New bill passed in state removes restaurant reservations from resale market

The New York State Legislature has passed a new bill that will require third-party reservation services to get permission from restaurants to make reservations on their behalf.

The law project, dubbed the Anti-Restaurant Reservations Piracy Lawstates that third-party reservation services such as Resy and OpenTable cannot “advertise, promote or sell reservations” on their platforms for a “dining establishment” without a written agreement with the establishments.

The legislation makes New York the “first state in the nation to pass legislation aimed at combating the trend of predatory software flooding the online restaurant reservations market,” according to A press release published by the New York State Restaurant Association on June 6.

The bill was introduced in May by Sen. Nathalia Fernandez, passed by the state Assembly on June 3, and passed by the state Senate three days later. It now awaits Gov. Kathy Hochul’s signature to become law.

Fernandez said in the press release that the bill would curb “the widespread exploitation of online restaurant reservations.”

“From charging exorbitant rates for a reservation, to double reservations, to phantom reservations leaving diners with fewer options and restaurants with empty tables, it is up to the Legislature to act” , she continued.

Making reservations on the black market in New York has become a sideline, with practitioners scooping up blocks of meal times at the hottest restaurants with the intention of reselling them to people who want to dine there. NBC News reported. A Brown University student made $100,000 in 19 months selling reservations, according to NBC News.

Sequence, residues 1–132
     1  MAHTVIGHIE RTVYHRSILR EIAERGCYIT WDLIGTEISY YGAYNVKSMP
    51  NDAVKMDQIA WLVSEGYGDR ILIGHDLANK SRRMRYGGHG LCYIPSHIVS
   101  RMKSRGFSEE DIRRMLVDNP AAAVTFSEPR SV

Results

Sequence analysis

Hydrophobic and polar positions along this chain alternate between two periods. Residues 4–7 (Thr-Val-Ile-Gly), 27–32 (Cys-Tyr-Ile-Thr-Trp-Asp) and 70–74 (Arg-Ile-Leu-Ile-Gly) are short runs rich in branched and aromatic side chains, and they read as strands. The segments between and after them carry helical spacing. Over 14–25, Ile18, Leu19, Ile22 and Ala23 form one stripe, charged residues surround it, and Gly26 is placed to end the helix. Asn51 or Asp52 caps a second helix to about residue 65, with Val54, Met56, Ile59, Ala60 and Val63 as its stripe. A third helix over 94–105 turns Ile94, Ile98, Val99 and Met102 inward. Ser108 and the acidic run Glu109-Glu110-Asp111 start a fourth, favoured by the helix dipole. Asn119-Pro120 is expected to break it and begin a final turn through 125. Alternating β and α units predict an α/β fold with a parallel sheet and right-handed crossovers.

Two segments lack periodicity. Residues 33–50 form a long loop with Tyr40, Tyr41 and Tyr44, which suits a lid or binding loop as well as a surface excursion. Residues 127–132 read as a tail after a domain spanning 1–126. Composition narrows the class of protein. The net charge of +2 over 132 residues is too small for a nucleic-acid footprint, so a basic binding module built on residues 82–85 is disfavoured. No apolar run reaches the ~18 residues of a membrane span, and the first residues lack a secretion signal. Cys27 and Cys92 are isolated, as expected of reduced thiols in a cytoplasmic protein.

Melissa Fleischut, president and CEO of the New York State Restaurant Association, called the bill a “major victory” in the press release.

“Our members work hard every day to create a desirable dining experience,” she said. “Now, when customers have the opportunity to dine out, they will no longer have to compete with predatory bots capturing reservations and reselling them at exorbitant prices. »

OpenTable and Resy CEOs Debby Soo and Pablo Rivero, respectively, also applauded the legislation in the release.

“Passing this bill is important for restaurants and will help protect their bottom lines by reducing ‘no-shows’ caused by fraudulent reservations,” Soo said. “We are pleased to see New York taking a strong stance to support its restaurants. »

“Resy joins many of its New York restaurant partners in applauding the New York State Legislature for passing the Anti-Piracy Restaurant Reservations Act,” Rivero said. “This important legislation is a significant step forward in protecting restaurants and diners from reservation fraud. »

This article was originally published on TODAY.com

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